Why Does Freezing Water Expand?


Have you ever put a full bottle of your favorite beverage into the freezer just to cool it off — and then forgotten it there?  If so, you’ve probably ended up with a broken bottle, and maybe a mess. It’s all about the hydrogen bonds. Your elementary students aren’t ready to contemplate hydrogen bonds, but they’ll be interested to learn about the behavior of ice. Activity 1 is good for young students, who can just be amazed. Go on to Activity 2 if your students are ready to think about the behavior of molecules.

Activity 1: Ice Expands

Fill a jar halfway with water and secure a lid on it. Mark the level of the water and ask students if they think it will go up, go down, or stay the same when it’s frozen. Put the jar in the freezer and check it the next day. The line will be lower than the level of ice. Ask students why they think that the level of water went up. Tell students you didn’t add anything to the jar. Nothing changed in the amount of water that was inside the jar so how come the level is higher?

Take another empty jar and put it into a tray. Add water to the jar until the jar overflows. Add a few ice cubes and show students that more water has come out of the jar so the level of the water is at the very top of the jar. As the ice melts, ask your students to look at the level of water in the jar—did it go down? Ask students what this means and why they think it changed.

Activity 2: Molecular Structure

Tell students that water is made up of one oxygen atom and two hydrogen atoms — that’s why H2O is another name for water.

Explain that molecules have positive or negative charges, just like magnets. Use classroom magnets with north and south poles marked to demonstrate how the sides which are the same repel one another, but the sides which are different attract.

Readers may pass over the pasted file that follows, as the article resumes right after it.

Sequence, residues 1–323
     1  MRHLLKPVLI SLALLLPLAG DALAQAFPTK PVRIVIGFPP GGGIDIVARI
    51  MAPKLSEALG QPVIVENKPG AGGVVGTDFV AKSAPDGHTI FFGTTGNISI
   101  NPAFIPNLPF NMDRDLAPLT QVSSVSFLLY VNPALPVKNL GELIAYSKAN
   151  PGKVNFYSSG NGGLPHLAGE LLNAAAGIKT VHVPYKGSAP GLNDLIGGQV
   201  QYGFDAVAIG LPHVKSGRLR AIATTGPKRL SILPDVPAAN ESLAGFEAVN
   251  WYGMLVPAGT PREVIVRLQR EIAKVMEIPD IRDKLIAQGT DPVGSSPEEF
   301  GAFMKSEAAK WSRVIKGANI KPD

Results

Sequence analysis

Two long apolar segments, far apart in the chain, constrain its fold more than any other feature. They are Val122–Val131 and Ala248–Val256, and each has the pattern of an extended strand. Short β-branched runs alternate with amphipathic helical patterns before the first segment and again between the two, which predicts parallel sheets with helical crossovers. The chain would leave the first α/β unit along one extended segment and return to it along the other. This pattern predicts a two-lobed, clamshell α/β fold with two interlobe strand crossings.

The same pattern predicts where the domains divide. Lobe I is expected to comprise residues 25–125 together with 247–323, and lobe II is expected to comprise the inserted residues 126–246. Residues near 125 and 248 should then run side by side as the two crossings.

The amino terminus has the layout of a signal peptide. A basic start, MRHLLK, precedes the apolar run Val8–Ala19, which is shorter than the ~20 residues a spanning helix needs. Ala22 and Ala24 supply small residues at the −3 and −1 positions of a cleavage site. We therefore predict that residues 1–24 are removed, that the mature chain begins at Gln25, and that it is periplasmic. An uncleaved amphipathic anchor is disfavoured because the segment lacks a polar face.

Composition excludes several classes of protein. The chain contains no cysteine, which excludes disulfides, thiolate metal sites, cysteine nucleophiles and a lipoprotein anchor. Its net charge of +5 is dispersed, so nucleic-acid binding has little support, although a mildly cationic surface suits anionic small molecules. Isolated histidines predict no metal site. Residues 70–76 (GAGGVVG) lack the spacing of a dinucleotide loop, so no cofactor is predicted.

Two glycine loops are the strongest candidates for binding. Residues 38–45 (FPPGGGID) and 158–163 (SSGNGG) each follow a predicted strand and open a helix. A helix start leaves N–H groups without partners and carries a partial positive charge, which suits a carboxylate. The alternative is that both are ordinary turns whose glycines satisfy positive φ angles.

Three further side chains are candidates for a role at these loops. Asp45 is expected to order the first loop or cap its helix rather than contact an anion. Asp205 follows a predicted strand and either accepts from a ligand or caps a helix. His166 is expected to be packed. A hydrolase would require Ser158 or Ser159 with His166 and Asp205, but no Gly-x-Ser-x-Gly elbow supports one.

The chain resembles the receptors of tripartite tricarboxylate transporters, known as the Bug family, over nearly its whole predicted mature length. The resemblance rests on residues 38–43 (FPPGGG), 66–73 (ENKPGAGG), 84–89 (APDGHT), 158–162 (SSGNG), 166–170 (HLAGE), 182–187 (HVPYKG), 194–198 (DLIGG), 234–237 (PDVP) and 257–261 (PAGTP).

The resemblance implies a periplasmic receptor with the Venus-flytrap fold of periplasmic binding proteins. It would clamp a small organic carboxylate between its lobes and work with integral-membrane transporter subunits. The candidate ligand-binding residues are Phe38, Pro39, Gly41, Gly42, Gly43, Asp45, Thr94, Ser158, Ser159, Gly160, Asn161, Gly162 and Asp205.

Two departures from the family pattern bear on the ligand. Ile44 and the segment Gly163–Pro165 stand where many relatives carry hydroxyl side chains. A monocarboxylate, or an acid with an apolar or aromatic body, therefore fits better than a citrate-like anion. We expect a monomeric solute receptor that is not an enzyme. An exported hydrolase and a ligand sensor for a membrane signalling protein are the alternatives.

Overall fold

Call on three students, one big student and two smaller students who are about the same size, and ask them to help you with the demonstration. Explain to students that the larger student is oxygen and has a double negative charge. Give the larger student a hat with a minus sign written on it and ask the student to wear the hat. Explain that the two smaller students have positive charges and give them each a hat with a positive sign on it.

Ask the oxygen student to hold hands with one hydrogen student and explain that the other hydrogen wants to join oxygen too but doesn’t want to hang out with the hydrogen because they’re alike in charge. Explain that because the hydrogens are small, they’re also similar to a double negative charge. Ask students how they can arrange the three atoms so that all three are as far apart as possible while still holding hands. Students should arrange the three example students into a V-shape. Explain that no matter what form water is in, liquid, solid, or gas, one water molecule will always stay in this shape.

Invite three more students to join in the example and give them each corresponding hats. Next, take the students through the different states of matter, starting with liquid. Tell the molecule students that they are a liquid and are able to move around each other’s groups, getting close to each other but slowly moving around. Remind students they must keep their V-shape. Now tell students you are turning up the heat and they now have more energy because it is warmer. Tell the molecule students that they need to move faster. They might bump into each other, even, because they are moving so quickly. Now tell students you are turning the heat down so it is getting very cold.

Ask the class how the two molecules must now arrange around each other, reminding them that opposite charges attract. Position the molecule students so one hydrogen is close to the other oxygen. Explain that now they are frozen and can only shake in place. Show students that the molecule students now take up a lot of space because of how they need to stand compared to the other temperatures.

Ask molecule students to go back to their seats and ask the group what they learned and compare it to what they saw happen in the first activity. Finish by letting all the students be molecules heating up and then cooling down. Crank up the music and shake off the cobwebs!


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